A web site for the developing language teacher

December 2000 - issue 12/00


Welcome to the Newsletter.

The Xmas Draw is underway & we've received some great ideas but still keep them coming. There will be a draw for the prize of a box of cuisenaire rods. What? You didn't know about it! Have a look below about what's involved - there's one of the activities sent in as well.

As we are on the subject of cuisenaire rods we thought we might as well make it the subject of the theme this month. There are lots of ideas below with a link to an illustrative page on the site. There is also an excellent accompanying article written by our Silent Wayfarer in Barcelona, Tim Hahn.

The Christmas break is looming, the season of goodwill, so this month we thought we'd supply some more charity links. These involve free click sites & require the minimum of effort - so there's no excuse!

We're offering a 30% discount on the e-mail courses for the duration of December. This discount is for those that sign up for all of the eleven modules.

If you're looking for a teacher, don't forget our free jobs' page - mail us on the address below.

Contributions & suggestions are very welcome.

Happy teaching! Happy Christmas!

Please tell a friend about Developing Thanks.





THEME - Cuisenaire rods

These are small blocks of wood (or plastic) of varying lengths & each length has a different colour. Originally invented by Georges Cuisenaire, who was a Belgian primary school teacher, for the teaching of mathematics - his book 'Les Nombres en Couleurs' was published in 1952. He met Caleb Gattegno, the founder of the Silent Way, in 1953 & Gattegno realised that the use of cuisenaire rods combined discovery learning & language & were ideal for teaching of languages.

The rods are still widely used in the teaching of maths with a lot of information on the Net explaining how to use them. Unfortunately there isn't much information at large for language teaching.

Tim Hahn is a Silent Way specialist & he has contributed an article titled 'The Cuisenaire Rods and Silence' & looks at how the cuisenaire rods can be used to create a productive & stimulating silence. Tim has been involved in Silent Way teaching for many years & is currently based in Barcelona. He has co-authored several coursebooks for secondary and adult students and is a contributor to a number of professional magazines. He is closely associated with Pilgrims and has led training courses for them and for the British Council in the UK, and throughout Spain and eastern Europe. He is involved in freelance teacher training. Tim can be contacted on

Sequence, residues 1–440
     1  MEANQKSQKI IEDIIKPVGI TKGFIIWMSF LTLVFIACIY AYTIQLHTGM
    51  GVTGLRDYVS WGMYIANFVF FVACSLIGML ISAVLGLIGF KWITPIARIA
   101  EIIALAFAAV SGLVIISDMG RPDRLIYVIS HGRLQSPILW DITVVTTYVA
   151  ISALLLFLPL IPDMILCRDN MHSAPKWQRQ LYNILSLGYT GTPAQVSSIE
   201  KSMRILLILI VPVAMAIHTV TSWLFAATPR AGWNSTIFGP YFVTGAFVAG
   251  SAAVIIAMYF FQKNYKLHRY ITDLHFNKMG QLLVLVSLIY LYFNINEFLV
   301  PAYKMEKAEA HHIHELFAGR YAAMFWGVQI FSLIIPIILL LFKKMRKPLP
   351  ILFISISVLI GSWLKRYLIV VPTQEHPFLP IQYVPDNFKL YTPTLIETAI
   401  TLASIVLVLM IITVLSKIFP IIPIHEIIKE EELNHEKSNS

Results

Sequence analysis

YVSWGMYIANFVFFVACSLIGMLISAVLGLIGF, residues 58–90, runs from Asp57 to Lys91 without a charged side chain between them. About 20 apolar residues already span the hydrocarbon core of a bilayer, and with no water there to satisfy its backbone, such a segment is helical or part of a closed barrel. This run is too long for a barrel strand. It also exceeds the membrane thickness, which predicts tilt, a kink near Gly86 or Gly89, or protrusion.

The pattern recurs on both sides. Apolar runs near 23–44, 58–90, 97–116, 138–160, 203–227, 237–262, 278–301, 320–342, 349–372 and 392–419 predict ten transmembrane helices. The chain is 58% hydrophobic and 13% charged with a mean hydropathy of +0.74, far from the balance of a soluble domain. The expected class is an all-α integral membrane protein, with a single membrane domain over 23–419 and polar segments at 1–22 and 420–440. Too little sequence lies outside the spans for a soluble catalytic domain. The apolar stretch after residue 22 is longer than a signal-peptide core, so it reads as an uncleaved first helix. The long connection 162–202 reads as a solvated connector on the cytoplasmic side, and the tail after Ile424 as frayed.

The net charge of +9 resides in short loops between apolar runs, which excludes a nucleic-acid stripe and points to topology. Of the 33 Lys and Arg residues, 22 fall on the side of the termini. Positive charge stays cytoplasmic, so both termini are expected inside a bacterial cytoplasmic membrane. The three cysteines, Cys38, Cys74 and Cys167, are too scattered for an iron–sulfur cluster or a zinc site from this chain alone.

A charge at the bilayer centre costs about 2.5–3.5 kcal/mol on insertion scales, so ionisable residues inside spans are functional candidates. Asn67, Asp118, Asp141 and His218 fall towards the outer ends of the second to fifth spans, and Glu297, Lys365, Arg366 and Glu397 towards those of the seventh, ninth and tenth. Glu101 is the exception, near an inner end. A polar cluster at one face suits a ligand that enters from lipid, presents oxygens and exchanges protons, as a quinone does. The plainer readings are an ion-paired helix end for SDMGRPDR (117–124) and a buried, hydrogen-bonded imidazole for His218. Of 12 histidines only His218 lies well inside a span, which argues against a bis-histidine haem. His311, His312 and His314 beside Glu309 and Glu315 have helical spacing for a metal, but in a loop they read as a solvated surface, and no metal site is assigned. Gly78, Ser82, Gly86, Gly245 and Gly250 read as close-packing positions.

To a lesson plan that incorporates the rods

Below are some ideas on using the cuisenaire rods. Some of them are illustrated here on the site.

Introduce them them bit by bit - get your stds used to them so at first don't ask them to do anything too taxing with the rods. Have them at hand & use them for short activities.

To teach literal representations - 'rod' & the different colours - & use these as an aid to teach other things such as prepositions of place: 'Put the red rod in front of/behind/on the blue rod. Or imperatives & one/s: ' Pick up the white rod, put down the rod one, put the green ones to one side etc..'

To highlight comparative & superlative adjectives: Which is taller; the red one or the blue one? And which is the shortest, tallest, brightest, dullest, more interesting, most boring, etc.'

For storytelling: choose any narrative & the rods represent the different things such as roads, trees, people, shops, -- whatever you want them to be they will be invested with a magical meaning.

For previewing a reading article. If you've got a tricky reading or listening article coming up in the coursebook, then tell the story of what happens before they listen/read so that the load is a lot lighter when they come to the text.

For representing just about anything - relatives & friends: stds are asked to take 7/8 rods & decide which relative or friend each rod represents & then tell a partner about them - you'll find that they pick them up & demonstrate with them, making the activity much more interesting - there is a real focus. The same could be used for talking about the area the stds live in, describing their company, colleagues etc.

For dictations: the teacher creates a scene with the rods, which the stds cannot see, & then describes the scene & the stds re-create the scene with their rods. At the end they compare with your scene to see if it is similar. The stds do the same with each other.

For memory tests to review a lexical area e.g. animals - take a rod & ask which animal it represents, put it down & then get a different coloured rod & elicit another animal, put it down & recap on the first & second rods - carry on with the ten different colours so that you have ten animals represented - don't forget to keep recapping as you go along. When all ten are out ask the stds to close their eyes & tasks 2 or 3 away, they open their eyes & tell you which animals have gone. Can be done with any related vocabulary.